The Guardian reinterprets the Three Little Pigs.
An advertisement for the Guardian's "open" approach to journalism. [SLGuardian]
: progressive, LGBT-and-atheist friendly, interfaith, non-academic journalism on faith and religious culture. Also of note: Good magazine
has limited print distribution but a rich website.
"‘Churnalism’ is a news article that is published as journalism, but is essentially a press release without much added."
Churnalism.com is a site created by the British charity Media Standards Trust
, which lets you input the text of a press release to compare it with the text of news articles in the British media. [more inside]
Dear Everett True, NME and Q don’t love music any less than you do…
a revealing blog entry on the music press. From Collapse Board, who also do an awesome song of the day
Restoring Journalism Maureen Tkacik talks about her life as a journalist, the nothing-based economy, and the future of journalism. She suggests abandoning authority and productively channeling narcissism.
) [more inside]
Every issue of The Times
published between 1785-1985, digitally scanned and fully searchable. (Via Wordorigins.org
Media critic Jay Rosen rises above the McClellan/"shake-up" foofaraw to put several pieces of the puzzle together and show how the Bush administration has significantly altered the long-standing relationship of the press to the White House. (More from Rosen here
.) Another piece that fits: Donald Rumsfeld's bold, frequent, and rarely-challenged assertions
that the American press is being expertly "manipulated" by Al Qaeda "media committees"
in Iraq and Afghanistan.
The big payback in Iraq.
Last night on the Newshour with Jim Lehrer, ROBERT LICHTER, President, Center for Media and Public Affairs put forth the following: You know, Charlie Peter, a great Washington journalist, once said, "The message of Watergate was dig, dig, dig, but journalists thought the message was act tough." And so I think you're getting negative coverage that may be kind of compensatory criticism.
Should the news focus more on the optimistic elements
or is it reflecting public opinion
. Is "compensatory criticism" justified for what it might wrongly perceive as possible White House manipulation during the run up to the war?
Pentagon bribery scandal -- Iraqi journalists bought out.
Officials in Washington have admitted that the US military has bribed Iraqi journalists with under-the-table payoffs of up to $200 a month -- twice the average Iraqi monthly income -- for producing upbeat newspaper, radio and television reports about the war in Iraq. This follows a similar report yesterday
that the military secretly paid Iraqi newspapers to run dozens of pro-American articles written by the US Information Operations Task Force in Baghdad. A Pentagon spokesman described the report as "troubling". "This article raises some questions as to whether or not some of the practices that are described in there are consistent with the principles of this department."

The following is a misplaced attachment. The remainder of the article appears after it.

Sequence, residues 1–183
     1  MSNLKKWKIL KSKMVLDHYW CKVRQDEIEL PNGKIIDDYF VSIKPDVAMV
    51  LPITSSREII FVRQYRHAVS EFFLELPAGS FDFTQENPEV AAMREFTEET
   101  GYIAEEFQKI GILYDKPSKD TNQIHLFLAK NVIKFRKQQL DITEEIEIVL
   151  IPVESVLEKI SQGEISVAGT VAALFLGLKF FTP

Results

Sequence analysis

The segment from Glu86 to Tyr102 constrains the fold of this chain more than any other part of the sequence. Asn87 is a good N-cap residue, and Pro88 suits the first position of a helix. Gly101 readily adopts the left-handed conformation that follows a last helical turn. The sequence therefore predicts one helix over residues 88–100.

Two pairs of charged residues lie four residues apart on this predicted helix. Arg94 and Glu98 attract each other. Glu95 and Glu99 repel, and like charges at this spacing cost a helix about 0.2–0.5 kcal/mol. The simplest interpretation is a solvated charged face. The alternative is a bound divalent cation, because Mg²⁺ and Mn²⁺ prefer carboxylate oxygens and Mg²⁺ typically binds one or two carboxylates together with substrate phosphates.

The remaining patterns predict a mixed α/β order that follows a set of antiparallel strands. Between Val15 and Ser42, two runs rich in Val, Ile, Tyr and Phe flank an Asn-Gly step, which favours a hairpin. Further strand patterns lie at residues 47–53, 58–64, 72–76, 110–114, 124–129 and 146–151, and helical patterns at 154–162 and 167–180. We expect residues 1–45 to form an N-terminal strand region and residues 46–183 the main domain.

Judith Miller Goes to Jail...for not revealing her source. Opinions
seem to differ
on Miller's personal credibility and reporting history. But is that the issue?
Fake "reporter" flees before bloggers.
How did a man with no known journalism experience get repeated White House press room access, where he denounced Democratic leaders at press conferences and loudly supported President Bush? It's a question asked here before.
But now, in an example of citizen journalism,
bloggers have apparently exposed "Jeff Gannon," whose other activities may lend a new definition to the label "Republican tool."
President Bush gave a Press Conference yesterday,
and it was only his 17th to date. According to Editor & Publisher, this compares to 43 for Bill Clinton, 84 for George H.W. Bush, and 26 for Ronald Reagan at similar points in their presidencies.
Dana Milbank of the Washington Post has an analysis of yesterday's rare event, calling him "elusive".
(Milbank was the same reporter who shredded Dubya a couple of years ago for granting an exclusive interview to Rupert Murdoch's trashy UK Sun
while snubbing reputable US newspapers that would have been more likely to ask hard-hitting questions.) (The WashPost links require registration, which can be bypassed with BugMeNot.)
Don't want to read the entire transcript? Try the poem "Man Date"
, instead. RudePundit took text from Bush's statements and turned 'em into poetry.
"There was an attitude among editors: Look, we're going to war, why do we even worry about all this contrary stuff?''
"Editors at The Washington Post acknowledge
they underplayed stories questioning President Bush's claims of the threat posed by Saddam Hussein in the months leading up to the U.S. invasion of Iraq." The weblog Lunaville notes
that The Center for International and Security Studies at the University of Maryland found
that "since September 11, 2001, the Bush administration has been especially successful at getting the American media to confirm its political and diplomatic agenda. Media reporting on the President amplified the administration s voice: when Bush said to the country that Americans are vulnerable to WMD in the hands of terrorists, the media effectively magnified those fears." Lawrence Lessig says:
"As media becomes more concentrated, competition to curry favor with politicians only increases... Concentrated media and expansive copyright are the perfect storm not just for stifling debate but, increasingly, for weakening democracy as well." Can we make the media democratic?
"Frankly, part of our problem is a lot of the press are afraid to travel very much,
so they sit in Baghdad and they publish rumors," Paul Wolfowitz declared Tuesday - a slur that didn't sit well with a lot of journalists risking their lives in Baghdad and elsewhere in Iraq. After callouts from Howard Kurtz, Maureen Dowd
and Editor & Publisher's new rabble-rousing chief, Greg Mitchell,